You Know You’re a Father When

In our earliest years on Earth, we are taught about Father’s Day, and it’s usually our mothers who teach us about the process of honoring our fathers on the third Sunday in June as their special day. They may share a favorite Bible verse as they teach us, with the 5th commandment, the scripture from Exodus 20:12 “Honor your father and your mother, that your days may be long in the land that the Lord your God is giving you.”

To a youngster, “Honoring” means creating something you can do at your age, with your ability, as dedicating hours of effort to think about your dad as you are doing it. First crayon drawings, early cards signed with scribbles, these are the kinds of treasures that you may well find saved by your dad for the next 30+ years of your life. Sometimes families pose for photographs that mark the occasion each year and the story they tell through the years shows differences in hair styles, clothing, cars, and the times in general, ways to mark the passage of years and growth of children into younger versions of dad’s best qualities.

I never realized it until I became a father myself that the operative word in being a dad is “responsibility,” in a way that had gone over my head for years. When you bring a child into this world, you essentially want to give them everything and anything you may remember not having. And then that feeling passes as you calm down and realize that the greatest gift of all is time.

When you are there to see your son or daughter’s first step, first pulling up to be able to stand on self-balance, hear their first word, or see their very first smile, there is no prize or treasure in this world greater than that. You never want your child to fall, skin their knee, or break a bone in their body, even though it’s an evitable part of life that happens to everyone. Yet, you still want to cushion them with bubble wrap, and you would if you could. When it feels right, you teach them your faith and help develop their spirituality and get them to Sunday School to learn about God’s love and what it means to have a heavenly father.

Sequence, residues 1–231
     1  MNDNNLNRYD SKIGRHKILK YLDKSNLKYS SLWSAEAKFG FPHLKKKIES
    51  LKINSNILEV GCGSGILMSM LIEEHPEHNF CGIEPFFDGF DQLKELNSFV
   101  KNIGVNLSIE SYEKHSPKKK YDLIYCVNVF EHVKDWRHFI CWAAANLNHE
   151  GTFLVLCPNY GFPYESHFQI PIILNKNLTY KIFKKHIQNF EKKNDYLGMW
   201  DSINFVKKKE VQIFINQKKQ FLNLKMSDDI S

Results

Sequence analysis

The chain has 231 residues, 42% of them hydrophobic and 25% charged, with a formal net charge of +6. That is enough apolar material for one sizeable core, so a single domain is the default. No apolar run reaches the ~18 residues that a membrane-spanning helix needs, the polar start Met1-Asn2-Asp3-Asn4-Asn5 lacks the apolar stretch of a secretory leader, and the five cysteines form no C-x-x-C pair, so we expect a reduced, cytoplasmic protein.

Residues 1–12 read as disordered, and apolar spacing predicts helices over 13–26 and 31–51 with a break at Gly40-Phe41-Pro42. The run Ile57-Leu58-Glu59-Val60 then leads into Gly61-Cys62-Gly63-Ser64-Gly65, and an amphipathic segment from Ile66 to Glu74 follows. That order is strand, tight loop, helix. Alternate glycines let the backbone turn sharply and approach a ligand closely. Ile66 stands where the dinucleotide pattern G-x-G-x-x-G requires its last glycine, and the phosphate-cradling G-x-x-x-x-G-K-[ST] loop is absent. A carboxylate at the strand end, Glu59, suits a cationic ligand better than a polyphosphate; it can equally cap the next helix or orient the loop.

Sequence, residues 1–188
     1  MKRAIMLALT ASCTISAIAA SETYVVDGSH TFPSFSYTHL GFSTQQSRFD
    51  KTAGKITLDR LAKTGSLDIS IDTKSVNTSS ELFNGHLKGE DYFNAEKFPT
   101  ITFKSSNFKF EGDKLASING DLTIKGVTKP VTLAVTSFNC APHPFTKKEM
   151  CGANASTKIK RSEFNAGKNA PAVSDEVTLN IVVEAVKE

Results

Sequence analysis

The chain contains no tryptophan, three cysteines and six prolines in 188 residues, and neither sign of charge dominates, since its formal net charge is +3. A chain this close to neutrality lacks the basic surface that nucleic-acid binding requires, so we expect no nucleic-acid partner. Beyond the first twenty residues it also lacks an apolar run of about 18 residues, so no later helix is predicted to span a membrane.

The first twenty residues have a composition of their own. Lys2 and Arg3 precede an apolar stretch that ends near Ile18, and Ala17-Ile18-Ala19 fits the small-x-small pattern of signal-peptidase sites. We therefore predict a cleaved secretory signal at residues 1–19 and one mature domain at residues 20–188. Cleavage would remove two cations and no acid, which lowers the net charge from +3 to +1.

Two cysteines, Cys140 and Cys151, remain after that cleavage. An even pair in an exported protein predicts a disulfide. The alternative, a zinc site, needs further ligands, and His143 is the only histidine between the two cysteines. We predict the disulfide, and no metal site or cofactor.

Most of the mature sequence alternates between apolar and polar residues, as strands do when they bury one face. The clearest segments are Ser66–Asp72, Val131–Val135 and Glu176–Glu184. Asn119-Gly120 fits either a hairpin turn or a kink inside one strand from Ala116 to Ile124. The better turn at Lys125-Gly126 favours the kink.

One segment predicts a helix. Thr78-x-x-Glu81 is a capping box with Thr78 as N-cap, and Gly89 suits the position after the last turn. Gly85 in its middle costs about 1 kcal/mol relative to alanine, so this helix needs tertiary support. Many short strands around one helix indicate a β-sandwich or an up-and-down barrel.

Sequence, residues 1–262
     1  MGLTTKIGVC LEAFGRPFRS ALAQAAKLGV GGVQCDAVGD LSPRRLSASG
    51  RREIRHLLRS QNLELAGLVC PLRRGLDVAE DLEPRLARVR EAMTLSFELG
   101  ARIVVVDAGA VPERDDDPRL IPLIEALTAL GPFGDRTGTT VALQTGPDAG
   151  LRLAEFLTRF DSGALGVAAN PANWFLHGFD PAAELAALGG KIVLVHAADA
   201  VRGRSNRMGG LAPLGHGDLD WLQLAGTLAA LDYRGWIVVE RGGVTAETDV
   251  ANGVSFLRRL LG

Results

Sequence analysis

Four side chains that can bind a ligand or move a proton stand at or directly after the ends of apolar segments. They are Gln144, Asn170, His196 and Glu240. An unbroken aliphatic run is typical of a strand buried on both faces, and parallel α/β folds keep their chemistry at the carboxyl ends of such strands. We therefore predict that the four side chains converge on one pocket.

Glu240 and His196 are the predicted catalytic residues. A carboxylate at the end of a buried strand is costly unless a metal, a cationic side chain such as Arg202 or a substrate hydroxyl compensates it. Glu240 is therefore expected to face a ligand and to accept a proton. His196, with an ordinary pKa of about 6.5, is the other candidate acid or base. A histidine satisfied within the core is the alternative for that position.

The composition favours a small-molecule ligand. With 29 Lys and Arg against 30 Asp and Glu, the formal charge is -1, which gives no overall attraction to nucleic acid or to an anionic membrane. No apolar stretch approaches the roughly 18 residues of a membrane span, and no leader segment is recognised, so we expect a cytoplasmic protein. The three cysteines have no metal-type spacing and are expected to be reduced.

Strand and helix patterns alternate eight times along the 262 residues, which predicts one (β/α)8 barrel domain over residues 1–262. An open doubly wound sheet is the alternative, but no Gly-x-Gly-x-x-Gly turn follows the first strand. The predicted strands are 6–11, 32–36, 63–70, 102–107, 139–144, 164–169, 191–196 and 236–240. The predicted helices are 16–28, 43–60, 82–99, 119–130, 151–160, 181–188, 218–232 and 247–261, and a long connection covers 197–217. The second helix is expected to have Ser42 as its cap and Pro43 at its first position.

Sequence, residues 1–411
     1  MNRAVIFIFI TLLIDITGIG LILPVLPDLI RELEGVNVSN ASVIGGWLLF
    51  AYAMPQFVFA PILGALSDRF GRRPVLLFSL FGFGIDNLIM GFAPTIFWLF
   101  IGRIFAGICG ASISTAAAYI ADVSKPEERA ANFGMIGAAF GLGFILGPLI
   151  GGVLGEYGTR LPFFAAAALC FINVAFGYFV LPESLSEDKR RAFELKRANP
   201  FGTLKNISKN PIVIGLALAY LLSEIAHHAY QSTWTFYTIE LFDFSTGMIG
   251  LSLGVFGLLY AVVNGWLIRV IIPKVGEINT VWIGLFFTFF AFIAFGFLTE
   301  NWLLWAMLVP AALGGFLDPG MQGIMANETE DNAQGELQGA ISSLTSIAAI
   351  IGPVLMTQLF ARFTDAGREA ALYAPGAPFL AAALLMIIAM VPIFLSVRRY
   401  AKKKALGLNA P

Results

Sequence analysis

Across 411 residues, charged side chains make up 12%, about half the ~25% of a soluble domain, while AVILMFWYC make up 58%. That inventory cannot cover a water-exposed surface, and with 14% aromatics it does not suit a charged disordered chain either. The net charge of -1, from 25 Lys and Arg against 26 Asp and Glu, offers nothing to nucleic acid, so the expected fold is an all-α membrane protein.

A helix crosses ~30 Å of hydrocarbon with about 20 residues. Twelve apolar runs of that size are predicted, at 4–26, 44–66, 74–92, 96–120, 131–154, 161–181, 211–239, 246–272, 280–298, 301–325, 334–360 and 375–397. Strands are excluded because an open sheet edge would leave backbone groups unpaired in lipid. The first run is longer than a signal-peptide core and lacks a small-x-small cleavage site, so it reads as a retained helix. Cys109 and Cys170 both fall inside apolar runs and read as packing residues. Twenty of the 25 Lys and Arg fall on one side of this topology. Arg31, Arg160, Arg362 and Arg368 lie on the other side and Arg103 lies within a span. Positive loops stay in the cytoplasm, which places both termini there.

Responsibility means teaching your child what is expected of them at each stage of their life. Be kind, tell the truth, help other people, say thank you, write notes to say thank you, visit your family and check in on them, especially if they are elderly or have been sick. How you talk to your family, friends and neighbors is a model for your child to observe and emulate.

How to change a tire, how to fix something around the house, how to put up a bird house, all are just simple things that we do because we want to show a child how to master the unknown or something that can be a challenge. We impart courage to them as we model how to not be afraid of thunder, lightning, the dark, and other things that can scare a child. The language we use, the tone of voice we take when we are happy and when we are not, the thoughtfulness by which we plan ahead for others all represent behavior that our children see. Not a word needs to be spoken because actions speak volumes.